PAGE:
August 20, 2003 -- CEP News (Courier-Express-Postal) has reported that:
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August 20, 2003 -- The Associated Press has reported that "the U.S. Postal Service's inspector general resigned Tuesday after members of Congress and a government report questioned her personnel practices and her spending for team-building staff retreats."
August 20, 2003 -- In its report on the Corcoran resignation, the Washington Post reported that "The investigation by the President's Council on Integrity and Efficiency found that Corcoran 'followed a pattern and practice of unprofessional conduct in the management of the USPS OIG, used questionable judgment in areas within her discretion, extravagantly expended USPS funds, and engaged in personnel practices which were either questionable or not in accord with USPS policy,' wrote Grant D. Ashley, chairman of the council's integrity committee."
August 20, 2003 -- According to one PC Magazine columnist, "back in the early 1980s, when many of us were using CompuServe or MCI Mail, it was obvious that e-mail would provide a very important contribution to society. The instantaneous aspect of e-mail is what made it so appealing. You could communicate fast, effortlessly, and cheaply. But these advantages ended up handicapping the technology. And in case that wasn't bad enough, snoopware and scammers added more handicaps. Now many people are questioning e-mail's basic usefulness. What went wrong? Perhaps nothing went right."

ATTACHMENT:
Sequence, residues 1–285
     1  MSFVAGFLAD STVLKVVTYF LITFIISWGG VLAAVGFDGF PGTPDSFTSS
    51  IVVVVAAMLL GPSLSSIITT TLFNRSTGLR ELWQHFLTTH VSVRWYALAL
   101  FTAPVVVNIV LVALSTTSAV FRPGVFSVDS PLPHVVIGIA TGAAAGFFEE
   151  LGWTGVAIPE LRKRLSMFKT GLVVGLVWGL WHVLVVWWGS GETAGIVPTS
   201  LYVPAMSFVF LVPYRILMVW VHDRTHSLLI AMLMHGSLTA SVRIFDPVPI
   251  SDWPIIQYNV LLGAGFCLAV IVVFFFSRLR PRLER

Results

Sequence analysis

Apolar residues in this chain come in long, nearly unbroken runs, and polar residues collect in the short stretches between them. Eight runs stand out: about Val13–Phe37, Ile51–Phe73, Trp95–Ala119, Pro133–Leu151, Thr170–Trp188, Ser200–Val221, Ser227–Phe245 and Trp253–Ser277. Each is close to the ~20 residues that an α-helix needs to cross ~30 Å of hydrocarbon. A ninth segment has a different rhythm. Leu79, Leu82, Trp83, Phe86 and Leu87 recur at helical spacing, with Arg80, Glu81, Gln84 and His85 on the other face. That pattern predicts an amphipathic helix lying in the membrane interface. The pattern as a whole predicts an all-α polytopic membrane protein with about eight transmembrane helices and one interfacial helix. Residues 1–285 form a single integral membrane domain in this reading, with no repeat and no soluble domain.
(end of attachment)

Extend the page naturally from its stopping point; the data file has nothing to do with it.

August 20, 2003 -- Agence France Presse has reported that " Deutsche Post chairman Klaus Zumwinkel said in a magazine interview that he expects the semi-public German postal authority to be fully privatised within the next four years."
August 20, 2003 -- Japan Today has reported that "Japan Post said Tuesday a variant of the Blaster computer worm has intruded into some of the 6,000 computers on the postal services organization's nationwide network for in-house communications."
August 20, 2003 -- The Kettering Evening Telegraph has reported that "the county's postal service will be crippled if workers walk out in the first national strike for seven years. That is the message from the county branch of the Communications Workers' Union, which is preparing to send out ballot papers to thousands of postal workers next week."